Dinosaur Stories with Ayden and Cadence. September 2008.
As I write this week, I am thinking of one friend and heart-sister who is in the midst of moving far from one family of grandchildren, yet close to another. These changes claw at our grandparents’ hearts. Yet when it comes to grandparenting across the miles, creativity and technology can unite to provide us with unique ways to stay connected with our distant loved ones. Make it special by choosing methods that embody and celebrate your one-of-a-kind relationship with your grandlittles. Here are three broad ideas, along with suggestions to make them resonate with you and your grandchildren.
Choose from several exciting options for reading together.
For small children:
- Record your voice reading a book and then mail the book. Search “recordable children’s books” to find titles that include the necessary electronic doodads.
- Buy an e-book with audio included so the child can listen to the story.
- Use Facebook Live, Skype, Google Hangouts, or a similar service to read the story to them in real time. This method works best if you and the child both have a copy of the story in hand.
For bigger grandkids:
- Choose a chapter book and make a date to read together regularly. You can take turns reading to each other via phone, Skype, or any of the other live services we already mentioned.
- Start your own book club with your grandchild(ren.) If your collection of grandlittles includes siblings or cousins who are within the same age range, include them all. Let them take turns choosing the book and leading discussions.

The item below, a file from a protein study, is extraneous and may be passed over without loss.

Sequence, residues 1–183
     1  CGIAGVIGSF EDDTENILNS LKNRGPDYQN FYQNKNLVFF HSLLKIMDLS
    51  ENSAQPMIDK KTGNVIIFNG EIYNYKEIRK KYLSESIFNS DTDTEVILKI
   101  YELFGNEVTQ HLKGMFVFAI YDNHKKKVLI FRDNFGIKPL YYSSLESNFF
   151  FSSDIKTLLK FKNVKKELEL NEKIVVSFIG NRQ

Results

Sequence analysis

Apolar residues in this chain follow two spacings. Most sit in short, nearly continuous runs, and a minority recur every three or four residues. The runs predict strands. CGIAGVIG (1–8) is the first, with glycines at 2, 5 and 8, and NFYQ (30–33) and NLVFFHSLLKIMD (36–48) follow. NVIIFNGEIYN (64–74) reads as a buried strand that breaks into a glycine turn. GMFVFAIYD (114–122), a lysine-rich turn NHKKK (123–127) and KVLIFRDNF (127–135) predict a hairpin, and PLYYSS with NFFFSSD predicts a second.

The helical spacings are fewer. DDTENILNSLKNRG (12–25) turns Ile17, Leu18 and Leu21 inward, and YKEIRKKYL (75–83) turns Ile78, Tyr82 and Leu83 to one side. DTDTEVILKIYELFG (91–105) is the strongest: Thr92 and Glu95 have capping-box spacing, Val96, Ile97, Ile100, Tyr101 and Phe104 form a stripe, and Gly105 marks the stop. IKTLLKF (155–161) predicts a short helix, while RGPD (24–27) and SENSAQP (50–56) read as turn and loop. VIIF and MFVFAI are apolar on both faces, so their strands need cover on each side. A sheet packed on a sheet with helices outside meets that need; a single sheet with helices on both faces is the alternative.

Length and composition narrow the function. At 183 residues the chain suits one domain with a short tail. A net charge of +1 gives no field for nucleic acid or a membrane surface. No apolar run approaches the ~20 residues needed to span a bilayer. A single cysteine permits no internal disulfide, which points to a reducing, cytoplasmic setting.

For all of them: Read the Bible together. I recommend starting with The Jesus Storybook Bible for the youngest children, then moving on to The Adventure Bible for older children. Save time during your reading dates to talk about what you’ve read together.
Send Them Mail.
Honest-to-goodness mail is rare today–but remember your excitement when your name was on the envelope or package the letter carrier delivered? The thrill isn’t gone. What to send?
- Postcards. It’s hard to beat a pretty picture and a sweet note from Grandma and/or Grandpa.
- Stuff. We recorded a message in a teddy bear that came with a recordable doodad and sent it to grandson Sawyer while he lived on Hawaii. It seems he liked it:
- Surprises needn’t be expensive to be delightful. How about a new comb before picture day at school? A teether for an infant? New hair ribbons for your long-haired granddaughter? Classics like a Slinky or Silly Putty are inexpensive treats. Older grands appreciate goodies that show you’re paying attention to their interests. An athlete who runs might appreciate glow-in-the-dark slap bracelets to improve visibility as the days grow shorter. A budding musician would love clarinet reeds or guitar picks. You get the idea.
Do “You” Long Distance
It’s great to have special activities that mark your time together. With a little ingenuity, you can share those special things long-distance.
- In our house, our specialties are a walk through the neighborhood and pancakes and bacon for Sunday breakfast. Either event could happen in absentia. I could take a walk and use Facebook Live or a similar service to share video of what I see and hear. In collusion with parents, I could coordinate a long-distance Sunday breakfast together via Skype or another such service.
- Do you bake together? Send a recipe for a new cookie sensation, then compare notes once you’ve each made a batch.
- Are movies your thing? Make a date to watch the same movie at the same time (Netflix and its cousins simplify this plan) and then talk about it afterward.
Wherever you are, and wherever your children and grandchildren are, you’re still you and they’re still them. With a little thought, it’s easy to foster not just a healthy relationship, but your one-of-a-kind relationship.
What are your secrets for staying connected across distance?
For though I am absent in body, yet I am with you in spirit, rejoicing to see your good order and the firmness of your faith in Christ.
Colossians 2:5 (ESV)